IMA Analysis

Tuesday November 30, 2021

Farm Laws - November 2021

And the Winner – Vested Interests

Many have argued that the repealing of the three farm laws has been a political masterstroke. Analysts suggest that this should have a positive outcome for the BJP in state elections, specifically in Punjab and Uttar Pradesh. Whilst it is hard to say if this is indeed the case, what cannot be disputed is the fact that the Government’s submission to vested interests has undermined its standing and the credibility of the reform programme. Agriculture reforms were a necessity to prop economic output. This primary segment has been a drag for several decades, with rates of growth varying between 1.5% and 3% per annum. For one, it lacks productivity and more importantly, the support of the Services and Logistics sector to enhance delivery of farm produce. Many would concede that it took a brave politician to even consider them. The absence of investment in logistics weakens distribution and fair market prices. The absence of reforms will now undermine the investment necessary for this to happen. Sadly, the bulk of farmers will remain stuck in the clutches of subsistence farming, consequently dampening both investment and rural consumption. This will have spill overs on the industrial and services economy.

The blueprint of what was undertaken was actually drafted several years ago, but never considered seriously enough because of the expected political fallout. For the Government to have come so close to finally doing so and then buckling, perhaps suggests the susceptibility of policy in the face of vested interests. One may justifiably wonder if any future Government will ever muster the courage to try this again. Moreover, by giving in to a small brigade of vociferous opponents, the administration may have unwittingly set a precedent for future challengers to its decisions. In reality, the opposition to the farm laws was from a very tiny minority of vested interests that leveraged the system to their advantage. Undeniably, Arthiyas, or middlemen, played an important economic and social role within their community and consequently earned respect. Be that as it may, the monopoly they enjoyed over procurement created a situation where final prices paid to farmers for crop produce were often much lower than those offered by the Food Corporation of India and other Government agencies.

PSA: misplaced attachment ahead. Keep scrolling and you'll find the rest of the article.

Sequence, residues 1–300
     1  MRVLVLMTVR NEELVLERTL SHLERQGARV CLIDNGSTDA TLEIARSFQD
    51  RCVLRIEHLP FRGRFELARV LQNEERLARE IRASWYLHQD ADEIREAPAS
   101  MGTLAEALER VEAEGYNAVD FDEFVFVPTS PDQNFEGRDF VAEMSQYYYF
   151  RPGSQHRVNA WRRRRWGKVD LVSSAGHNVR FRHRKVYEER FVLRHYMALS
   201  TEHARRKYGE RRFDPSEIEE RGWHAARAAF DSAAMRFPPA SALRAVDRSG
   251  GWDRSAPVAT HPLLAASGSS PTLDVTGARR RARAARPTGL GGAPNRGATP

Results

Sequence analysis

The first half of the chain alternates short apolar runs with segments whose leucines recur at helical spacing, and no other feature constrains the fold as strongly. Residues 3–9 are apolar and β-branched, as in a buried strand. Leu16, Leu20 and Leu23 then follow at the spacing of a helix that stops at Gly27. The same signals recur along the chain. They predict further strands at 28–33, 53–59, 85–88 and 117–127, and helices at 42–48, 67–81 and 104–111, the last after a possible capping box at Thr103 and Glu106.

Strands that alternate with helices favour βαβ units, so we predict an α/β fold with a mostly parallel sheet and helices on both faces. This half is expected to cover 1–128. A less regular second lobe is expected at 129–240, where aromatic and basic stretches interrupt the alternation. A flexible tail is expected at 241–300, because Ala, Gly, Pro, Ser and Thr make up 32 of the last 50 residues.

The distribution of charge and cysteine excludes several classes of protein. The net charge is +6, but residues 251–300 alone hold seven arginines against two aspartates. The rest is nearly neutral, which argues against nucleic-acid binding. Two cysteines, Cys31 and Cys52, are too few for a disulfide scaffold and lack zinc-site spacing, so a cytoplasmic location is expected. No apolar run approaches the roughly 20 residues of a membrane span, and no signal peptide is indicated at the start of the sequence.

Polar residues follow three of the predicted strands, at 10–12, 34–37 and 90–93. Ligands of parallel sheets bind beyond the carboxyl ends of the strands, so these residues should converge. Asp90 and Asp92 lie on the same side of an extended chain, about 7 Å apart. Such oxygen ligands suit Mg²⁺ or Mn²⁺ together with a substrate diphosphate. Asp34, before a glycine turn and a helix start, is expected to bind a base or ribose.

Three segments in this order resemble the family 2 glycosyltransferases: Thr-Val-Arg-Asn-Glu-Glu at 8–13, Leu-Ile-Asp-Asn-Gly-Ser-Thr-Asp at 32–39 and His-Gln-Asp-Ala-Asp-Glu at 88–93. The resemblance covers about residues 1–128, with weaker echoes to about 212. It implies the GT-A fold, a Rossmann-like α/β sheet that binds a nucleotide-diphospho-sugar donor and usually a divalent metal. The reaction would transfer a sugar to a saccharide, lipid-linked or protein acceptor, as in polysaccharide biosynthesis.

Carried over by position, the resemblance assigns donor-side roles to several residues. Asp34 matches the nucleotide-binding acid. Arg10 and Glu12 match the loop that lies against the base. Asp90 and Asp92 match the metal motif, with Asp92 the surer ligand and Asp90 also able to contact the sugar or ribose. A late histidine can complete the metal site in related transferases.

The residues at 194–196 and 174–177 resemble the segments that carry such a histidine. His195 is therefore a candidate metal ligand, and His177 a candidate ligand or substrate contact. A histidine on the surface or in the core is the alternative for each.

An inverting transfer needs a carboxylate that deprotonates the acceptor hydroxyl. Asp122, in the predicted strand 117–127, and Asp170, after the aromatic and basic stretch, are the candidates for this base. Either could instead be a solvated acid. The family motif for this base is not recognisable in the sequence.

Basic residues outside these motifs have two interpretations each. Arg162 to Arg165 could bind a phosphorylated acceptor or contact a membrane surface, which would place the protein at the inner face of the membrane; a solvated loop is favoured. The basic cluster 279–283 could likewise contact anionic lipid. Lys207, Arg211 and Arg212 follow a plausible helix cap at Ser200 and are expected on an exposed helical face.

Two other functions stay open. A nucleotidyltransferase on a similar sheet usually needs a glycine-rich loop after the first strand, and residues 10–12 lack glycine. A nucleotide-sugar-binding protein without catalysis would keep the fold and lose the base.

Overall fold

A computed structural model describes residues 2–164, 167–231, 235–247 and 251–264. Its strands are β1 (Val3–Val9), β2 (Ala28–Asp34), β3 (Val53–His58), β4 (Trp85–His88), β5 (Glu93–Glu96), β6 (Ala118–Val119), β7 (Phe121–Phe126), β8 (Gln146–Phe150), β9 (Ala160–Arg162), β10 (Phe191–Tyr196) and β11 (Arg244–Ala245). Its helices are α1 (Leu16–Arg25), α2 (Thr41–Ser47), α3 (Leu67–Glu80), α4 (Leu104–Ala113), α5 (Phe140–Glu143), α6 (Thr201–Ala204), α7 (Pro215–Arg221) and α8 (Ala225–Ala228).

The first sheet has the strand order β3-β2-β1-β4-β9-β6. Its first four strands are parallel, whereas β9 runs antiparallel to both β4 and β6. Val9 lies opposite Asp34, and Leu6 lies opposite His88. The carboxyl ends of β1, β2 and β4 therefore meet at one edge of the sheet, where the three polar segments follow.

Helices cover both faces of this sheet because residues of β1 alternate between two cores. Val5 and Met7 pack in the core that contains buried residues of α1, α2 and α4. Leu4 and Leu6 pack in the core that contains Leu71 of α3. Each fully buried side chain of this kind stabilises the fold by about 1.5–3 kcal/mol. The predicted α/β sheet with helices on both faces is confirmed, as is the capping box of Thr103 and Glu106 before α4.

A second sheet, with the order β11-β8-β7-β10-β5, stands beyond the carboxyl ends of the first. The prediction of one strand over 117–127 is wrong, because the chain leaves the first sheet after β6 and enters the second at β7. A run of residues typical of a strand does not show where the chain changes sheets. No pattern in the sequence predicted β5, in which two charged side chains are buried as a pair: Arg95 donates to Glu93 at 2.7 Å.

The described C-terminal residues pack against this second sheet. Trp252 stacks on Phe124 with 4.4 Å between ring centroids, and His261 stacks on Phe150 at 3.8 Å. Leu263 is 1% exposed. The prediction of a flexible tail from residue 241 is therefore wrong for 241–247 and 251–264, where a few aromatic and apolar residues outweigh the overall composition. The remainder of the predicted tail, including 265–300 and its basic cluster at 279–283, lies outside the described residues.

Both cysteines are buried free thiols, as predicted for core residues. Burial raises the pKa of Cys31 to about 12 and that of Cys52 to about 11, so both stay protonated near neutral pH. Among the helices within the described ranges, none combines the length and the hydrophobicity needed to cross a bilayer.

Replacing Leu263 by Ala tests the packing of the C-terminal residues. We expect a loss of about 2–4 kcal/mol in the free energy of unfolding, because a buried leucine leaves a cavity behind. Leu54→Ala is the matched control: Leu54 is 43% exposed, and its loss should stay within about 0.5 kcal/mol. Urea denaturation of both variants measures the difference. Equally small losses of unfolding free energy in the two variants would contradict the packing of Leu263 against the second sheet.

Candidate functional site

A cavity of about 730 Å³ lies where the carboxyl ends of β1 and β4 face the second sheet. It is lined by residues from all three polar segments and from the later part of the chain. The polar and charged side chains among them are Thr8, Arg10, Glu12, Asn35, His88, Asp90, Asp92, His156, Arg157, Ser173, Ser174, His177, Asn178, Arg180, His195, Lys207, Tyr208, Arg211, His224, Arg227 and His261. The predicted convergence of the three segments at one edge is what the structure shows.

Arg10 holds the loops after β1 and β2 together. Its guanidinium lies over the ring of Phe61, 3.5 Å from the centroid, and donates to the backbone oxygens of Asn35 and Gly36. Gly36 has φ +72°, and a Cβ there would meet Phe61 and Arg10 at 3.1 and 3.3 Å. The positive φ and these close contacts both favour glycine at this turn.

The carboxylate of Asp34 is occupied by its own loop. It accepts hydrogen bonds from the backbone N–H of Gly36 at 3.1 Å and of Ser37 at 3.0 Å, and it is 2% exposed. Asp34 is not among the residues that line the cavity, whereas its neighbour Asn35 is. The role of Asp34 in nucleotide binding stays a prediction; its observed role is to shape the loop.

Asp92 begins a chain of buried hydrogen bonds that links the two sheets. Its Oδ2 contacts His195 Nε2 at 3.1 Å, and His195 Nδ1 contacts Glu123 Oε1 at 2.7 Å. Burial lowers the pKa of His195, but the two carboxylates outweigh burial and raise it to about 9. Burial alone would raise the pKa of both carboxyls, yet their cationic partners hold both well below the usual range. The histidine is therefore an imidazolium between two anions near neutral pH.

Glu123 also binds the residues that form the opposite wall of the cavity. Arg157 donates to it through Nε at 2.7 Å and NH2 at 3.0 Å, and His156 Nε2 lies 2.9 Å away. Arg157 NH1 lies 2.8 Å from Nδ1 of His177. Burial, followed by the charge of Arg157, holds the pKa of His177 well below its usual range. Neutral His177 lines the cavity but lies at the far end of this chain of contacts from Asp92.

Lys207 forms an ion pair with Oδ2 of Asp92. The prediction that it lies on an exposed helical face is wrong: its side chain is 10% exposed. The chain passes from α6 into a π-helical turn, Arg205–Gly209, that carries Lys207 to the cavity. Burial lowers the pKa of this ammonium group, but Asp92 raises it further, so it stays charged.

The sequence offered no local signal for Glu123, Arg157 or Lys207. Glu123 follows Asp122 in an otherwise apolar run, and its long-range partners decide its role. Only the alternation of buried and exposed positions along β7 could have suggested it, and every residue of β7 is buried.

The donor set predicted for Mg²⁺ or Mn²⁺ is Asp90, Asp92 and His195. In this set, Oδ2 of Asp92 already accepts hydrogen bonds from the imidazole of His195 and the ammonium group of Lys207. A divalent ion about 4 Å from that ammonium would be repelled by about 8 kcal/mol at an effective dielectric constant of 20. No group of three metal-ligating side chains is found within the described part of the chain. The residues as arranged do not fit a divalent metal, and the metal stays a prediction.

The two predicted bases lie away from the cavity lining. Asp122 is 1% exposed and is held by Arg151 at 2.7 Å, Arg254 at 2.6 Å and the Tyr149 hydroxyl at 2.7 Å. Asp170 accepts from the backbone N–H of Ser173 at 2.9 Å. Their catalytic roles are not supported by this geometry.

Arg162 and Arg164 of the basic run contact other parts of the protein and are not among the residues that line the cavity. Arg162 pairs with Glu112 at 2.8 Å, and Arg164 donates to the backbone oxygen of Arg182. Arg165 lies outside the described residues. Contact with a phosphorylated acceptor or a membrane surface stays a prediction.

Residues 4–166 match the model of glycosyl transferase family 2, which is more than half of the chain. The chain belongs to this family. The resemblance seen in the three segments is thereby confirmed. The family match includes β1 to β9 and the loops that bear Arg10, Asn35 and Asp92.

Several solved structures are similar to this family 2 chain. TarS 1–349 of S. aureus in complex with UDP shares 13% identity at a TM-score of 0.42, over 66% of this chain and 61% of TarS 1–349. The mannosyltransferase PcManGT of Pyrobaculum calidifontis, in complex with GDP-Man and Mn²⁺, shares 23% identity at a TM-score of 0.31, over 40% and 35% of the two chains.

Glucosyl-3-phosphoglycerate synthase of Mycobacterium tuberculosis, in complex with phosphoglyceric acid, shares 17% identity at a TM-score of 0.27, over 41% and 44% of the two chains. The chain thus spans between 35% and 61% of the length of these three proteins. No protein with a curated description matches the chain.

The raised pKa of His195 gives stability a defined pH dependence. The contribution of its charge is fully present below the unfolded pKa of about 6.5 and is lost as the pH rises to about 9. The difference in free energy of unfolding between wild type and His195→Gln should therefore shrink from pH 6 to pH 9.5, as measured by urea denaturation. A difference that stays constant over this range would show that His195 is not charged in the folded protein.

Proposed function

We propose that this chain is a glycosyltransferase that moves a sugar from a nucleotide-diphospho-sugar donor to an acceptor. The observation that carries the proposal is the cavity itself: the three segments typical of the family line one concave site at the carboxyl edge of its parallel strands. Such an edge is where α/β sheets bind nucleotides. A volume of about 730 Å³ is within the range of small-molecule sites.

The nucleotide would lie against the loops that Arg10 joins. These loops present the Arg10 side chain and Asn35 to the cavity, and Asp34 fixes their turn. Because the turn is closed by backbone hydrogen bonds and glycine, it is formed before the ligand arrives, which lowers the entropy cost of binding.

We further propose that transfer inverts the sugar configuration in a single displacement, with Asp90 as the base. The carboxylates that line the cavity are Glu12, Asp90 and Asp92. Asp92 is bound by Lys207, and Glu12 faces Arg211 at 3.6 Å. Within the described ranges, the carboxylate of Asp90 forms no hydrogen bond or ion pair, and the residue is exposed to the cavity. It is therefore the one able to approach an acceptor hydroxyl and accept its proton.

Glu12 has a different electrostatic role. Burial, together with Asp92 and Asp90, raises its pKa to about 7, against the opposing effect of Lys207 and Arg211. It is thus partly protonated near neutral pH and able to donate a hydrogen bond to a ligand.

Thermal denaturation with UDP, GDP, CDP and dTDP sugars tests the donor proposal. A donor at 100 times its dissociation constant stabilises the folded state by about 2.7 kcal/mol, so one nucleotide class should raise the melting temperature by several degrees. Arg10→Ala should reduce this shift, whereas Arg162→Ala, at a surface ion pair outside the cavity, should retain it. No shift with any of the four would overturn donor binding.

One important aspect of the farming supply chain is the need for a procurement and distribution network that could facilitate fair pricing and national supply chains. What was expected was investment in cold chains that would have ensured lesser wastage and in the longer term, better pricing and value addition. Whilst there is no hard evidence to prove this, as figures are frequently disguised, the general belief is that the wastage in Food Corporation storage facilities is anywhere between 20% and 30% per annum. With no one really accountable, together with an absence of the required investment, nothing can be done to change this. By freeing the agricultural market from the clutches of the APMC, bringing in contract farming and diluting the Government’s powers to influence food prices, the farm laws would have addressed many of these ills to a great extent. Many have shrugged-off the wider impact on the economy, as farming at 15% is a tiny fraction of overall output, but this argument is misplaced. As in manufacturing, where the actual production of a certain good is only a fraction of its total economic value addition – the bulk of it is in Services, through advertising, distribution, banking, etc – so too for farm produce. The real impact on the economy would have been through allied services.

With national debt now touching 90% of GDP, longer term growth will peter anyway. But on the positive side, India no longer need worry about being stuck in the middle-income trap, because it will now never get there, in the foreseeable future.